Good thread, thanks

  189. #389
    mtbr member
    Reputation: jeremyreed's Avatar
    Join Date
    Jan 2014
    Posts
    330
    I have mine both at 40 now..rated low is 33psi and high is 55....

    Jeremy Reed

  190. #390
    mtbr member
    Reputation:
    Join Date
    Apr 2008
    Posts
    80
    Conti XKing 2.2, 175lb, 25f/28r. (tubes)

  191. #391
    Armature speller
    Reputation:
    Join Date
    Sep 2004
    Posts
    3,619
    At the moment, on the hard tail, Conti X-King 2.4's (55mm width, with tubes), 17psi front, 21psi rear.
    16f/20r and I got a couple of rear rim strikes when seated.

    87kg, fast(ish) cruise speed, rocks and roots only a couple of cm high.

    On the fully, Hutchy 2.1's, Toro front and Bulldog rear. Both tubed. 20f/24r.
    Last edited by NordieBoy; 09-09-2014 at 02:35 PM.

  192. #392
    mtbr member
    Reputation: cnitram's Avatar
    Join Date
    May 2012
    Posts
    127

    Tire pressure for all around XC riding?

    20 front / 25 rear...tubeless

  193. #393
    Armature speller
    Reputation:
    Join Date
    Sep 2004
    Posts
    3,619
    Quote Originally Posted by cnitram View Post
    20 front / 25 rear...tubeless
    What tyres/widths?

  194. #394
    mtbr member
    Reputation:
    Join Date
    Feb 2014
    Posts
    305
    I run Hans Damf 2.35 Front and NN 2.25 Rear. I weigh 155 with all my gear. I used to run 25 front and 28 rear. After my rear losing traction every now and then, and my current rides getting hotter as the ride progresses, I've lowered my pressures to 21/23 respectively. The air inside the tires expands with the heat and the tires do feel harder after the ride. I find that this is perfect for my riding style, terrain and ability - moderately aggressive/dry, loose gravel/intermediate skills.

  195. #395
    K&K
    Reputation: ki5ka's Avatar
    Join Date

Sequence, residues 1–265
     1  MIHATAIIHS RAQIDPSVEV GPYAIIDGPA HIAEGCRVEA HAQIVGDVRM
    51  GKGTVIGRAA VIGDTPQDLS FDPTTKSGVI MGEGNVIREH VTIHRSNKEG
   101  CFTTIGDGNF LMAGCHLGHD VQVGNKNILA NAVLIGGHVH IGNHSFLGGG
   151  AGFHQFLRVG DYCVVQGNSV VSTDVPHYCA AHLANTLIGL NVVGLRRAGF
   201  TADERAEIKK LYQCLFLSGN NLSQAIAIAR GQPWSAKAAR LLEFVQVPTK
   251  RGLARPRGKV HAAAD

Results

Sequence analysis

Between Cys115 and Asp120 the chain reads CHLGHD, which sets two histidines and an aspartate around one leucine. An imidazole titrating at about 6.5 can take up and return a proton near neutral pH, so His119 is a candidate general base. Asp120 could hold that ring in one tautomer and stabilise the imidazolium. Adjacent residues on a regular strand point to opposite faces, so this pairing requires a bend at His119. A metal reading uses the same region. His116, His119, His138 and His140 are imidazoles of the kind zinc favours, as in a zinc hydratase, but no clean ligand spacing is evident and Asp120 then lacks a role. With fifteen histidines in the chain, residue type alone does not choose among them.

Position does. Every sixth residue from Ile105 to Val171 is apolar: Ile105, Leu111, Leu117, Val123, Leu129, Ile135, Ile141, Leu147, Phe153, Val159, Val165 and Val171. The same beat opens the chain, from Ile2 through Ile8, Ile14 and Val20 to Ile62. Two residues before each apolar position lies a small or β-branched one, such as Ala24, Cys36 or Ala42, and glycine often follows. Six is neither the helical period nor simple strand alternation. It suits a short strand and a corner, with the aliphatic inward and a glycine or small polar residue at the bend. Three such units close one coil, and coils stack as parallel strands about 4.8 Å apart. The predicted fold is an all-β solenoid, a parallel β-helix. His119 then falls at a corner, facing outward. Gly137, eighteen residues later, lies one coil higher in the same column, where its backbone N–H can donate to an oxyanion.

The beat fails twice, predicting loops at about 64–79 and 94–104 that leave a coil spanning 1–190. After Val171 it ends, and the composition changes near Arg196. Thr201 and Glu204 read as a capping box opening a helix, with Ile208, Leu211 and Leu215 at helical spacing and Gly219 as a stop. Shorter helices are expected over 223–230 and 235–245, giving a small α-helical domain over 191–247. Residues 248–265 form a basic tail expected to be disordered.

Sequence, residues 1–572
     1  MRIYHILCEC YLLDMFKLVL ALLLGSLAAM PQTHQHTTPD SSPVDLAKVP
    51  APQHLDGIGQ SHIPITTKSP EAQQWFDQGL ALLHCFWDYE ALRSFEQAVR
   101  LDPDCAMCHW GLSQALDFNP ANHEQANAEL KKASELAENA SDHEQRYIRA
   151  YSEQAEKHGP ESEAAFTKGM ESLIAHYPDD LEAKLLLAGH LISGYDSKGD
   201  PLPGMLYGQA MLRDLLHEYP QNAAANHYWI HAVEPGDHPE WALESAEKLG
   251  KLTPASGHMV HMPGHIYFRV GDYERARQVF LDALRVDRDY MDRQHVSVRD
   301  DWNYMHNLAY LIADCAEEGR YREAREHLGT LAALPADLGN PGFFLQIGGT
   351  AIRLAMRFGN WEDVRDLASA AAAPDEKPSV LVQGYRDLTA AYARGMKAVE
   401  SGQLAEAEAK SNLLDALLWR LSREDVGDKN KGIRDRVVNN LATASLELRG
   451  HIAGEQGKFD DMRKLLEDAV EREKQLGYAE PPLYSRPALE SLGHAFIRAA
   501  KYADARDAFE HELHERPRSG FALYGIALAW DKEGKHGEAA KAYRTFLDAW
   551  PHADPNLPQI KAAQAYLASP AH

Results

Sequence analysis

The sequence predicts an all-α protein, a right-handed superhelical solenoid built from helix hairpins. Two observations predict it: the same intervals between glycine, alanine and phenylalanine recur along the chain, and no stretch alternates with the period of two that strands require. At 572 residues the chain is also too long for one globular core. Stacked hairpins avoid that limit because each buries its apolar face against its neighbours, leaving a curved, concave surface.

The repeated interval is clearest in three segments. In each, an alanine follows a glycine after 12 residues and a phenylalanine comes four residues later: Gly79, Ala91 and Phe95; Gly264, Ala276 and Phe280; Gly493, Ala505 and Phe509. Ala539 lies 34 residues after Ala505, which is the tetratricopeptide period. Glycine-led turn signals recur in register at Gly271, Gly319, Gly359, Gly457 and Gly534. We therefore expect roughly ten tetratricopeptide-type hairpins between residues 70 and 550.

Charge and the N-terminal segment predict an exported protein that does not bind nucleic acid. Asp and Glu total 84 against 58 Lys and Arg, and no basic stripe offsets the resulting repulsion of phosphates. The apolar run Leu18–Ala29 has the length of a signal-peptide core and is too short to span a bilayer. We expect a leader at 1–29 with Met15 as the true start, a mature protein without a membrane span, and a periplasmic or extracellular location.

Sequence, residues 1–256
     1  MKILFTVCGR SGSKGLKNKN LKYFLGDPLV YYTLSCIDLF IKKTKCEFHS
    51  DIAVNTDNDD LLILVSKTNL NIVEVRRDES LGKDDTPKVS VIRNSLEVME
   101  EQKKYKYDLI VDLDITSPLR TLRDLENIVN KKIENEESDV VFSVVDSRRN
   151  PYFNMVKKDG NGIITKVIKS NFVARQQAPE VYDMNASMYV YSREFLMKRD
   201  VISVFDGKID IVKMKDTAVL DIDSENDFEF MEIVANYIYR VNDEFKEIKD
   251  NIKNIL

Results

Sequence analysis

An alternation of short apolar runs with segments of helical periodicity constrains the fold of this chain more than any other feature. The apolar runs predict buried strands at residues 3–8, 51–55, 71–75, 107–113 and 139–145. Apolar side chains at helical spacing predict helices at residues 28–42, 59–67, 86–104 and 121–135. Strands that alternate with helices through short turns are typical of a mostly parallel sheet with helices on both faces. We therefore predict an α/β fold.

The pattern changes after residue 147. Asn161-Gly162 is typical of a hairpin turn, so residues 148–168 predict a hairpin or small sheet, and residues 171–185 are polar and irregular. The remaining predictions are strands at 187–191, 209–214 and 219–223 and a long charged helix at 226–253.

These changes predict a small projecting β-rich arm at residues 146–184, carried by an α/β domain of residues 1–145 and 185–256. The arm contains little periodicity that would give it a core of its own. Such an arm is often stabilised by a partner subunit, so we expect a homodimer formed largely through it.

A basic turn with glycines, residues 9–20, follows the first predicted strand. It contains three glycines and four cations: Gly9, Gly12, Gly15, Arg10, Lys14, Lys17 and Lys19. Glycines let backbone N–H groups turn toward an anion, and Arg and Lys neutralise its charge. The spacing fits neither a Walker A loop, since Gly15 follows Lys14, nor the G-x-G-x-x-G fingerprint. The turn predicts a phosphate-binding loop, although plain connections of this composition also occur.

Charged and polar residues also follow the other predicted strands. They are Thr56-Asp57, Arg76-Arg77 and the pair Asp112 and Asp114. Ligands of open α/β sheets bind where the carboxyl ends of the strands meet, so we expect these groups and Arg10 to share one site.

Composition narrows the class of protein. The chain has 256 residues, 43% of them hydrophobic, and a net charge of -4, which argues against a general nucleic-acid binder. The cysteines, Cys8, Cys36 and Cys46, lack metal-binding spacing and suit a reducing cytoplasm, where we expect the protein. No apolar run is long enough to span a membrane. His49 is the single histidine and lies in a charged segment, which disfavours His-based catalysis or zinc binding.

Dec 2006
    Posts
    935
    I think for some people, a flat, a ruined tube, or a dinged rim is a big deal, for others, its just part of the experience; a good explanation why there are such widely ranging ideas of what is the "right" pressure.

  196. #396
    mtbr member
    Reputation: SDMTB'er's Avatar
    Join Date
    Feb 2014
    Posts
    1,173

    Tire pressure for all around XC riding?

    220 geared up. Start rides with 25 front, 30 back, but may reduce pressure if conditions dictate (my non scientific system is to do a five count while pressing in the valve which equals roughly 5 psi). Happened yesterday - bone dry here in SD and a lot or the trail was loose rocks and I was bouncing / skipping around and under steering. Using hookless carbon rims, Hans Dampf 2.3 up front, Racing Ralph 2.2 in back. I have to say I much preferred the ride of the lower pressure and even though I was at approx 20 front, 25 back. Unless you are flying off 2 plus foot jumps or are slamming your bike into everything, the lower pressure (tubeless) should be good to go as far as flats.

  197. #397
    mtbr member
    Reputation: MSU Alum's Avatar
    Join Date
    Aug 2009
    Posts
    4,971
    For tubes, run as low as you can without pinch flatting. That'll be your limiting factor. For tubeless, go as low as you can without having the tire roll under while cornering, or without feeling like it's wandering. It'll change on different width rims. I can go lower on 21 mm rims than I can on 17 mm rims with the same exact tire.

  198. #398
    mtbr member
    Reputation:
    Join Date
    Sep 2014
    Posts
    7
    Guess i have been on road/TT bikes too long... I still have a "mental" issue going below 30psi on my tubeless setup.. All I can think about is rolling resistance.

  199. #399
    mtbr member
    Reputation:
    Join Date
    Jun 2014
    Posts
    816
    Yep, you have. Different ballgame.

  200. #400
    Armature speller
    Reputation:
    Join Date
    Sep 2004
    Posts
    3,619

    Re: Tire pressure for all around XC riding?

    Quote Originally Posted by XTERRAGreg View Post
    Guess i have been on road/TT bikes too long... I still have a "mental" issue going below 30psi on my tubeless setup.. All I can think about is rolling resistance.
    I have a 30psi mental barrier too, but mine is the opposite. If I have to, I'll put 29psi in, but I can't put 30.

Page 2 of 3 FirstFirst 123 LastLast

Members who have read this thread: 143

Posting Permissions

  • You may not post new threads
  • You may not post replies
  • You may not post attachments
  • You may not edit your posts
  •  

THE SITE

ABOUT MTBR

VISIT US AT

© Copyright 2020 VerticalScope Inc. All rights reserved.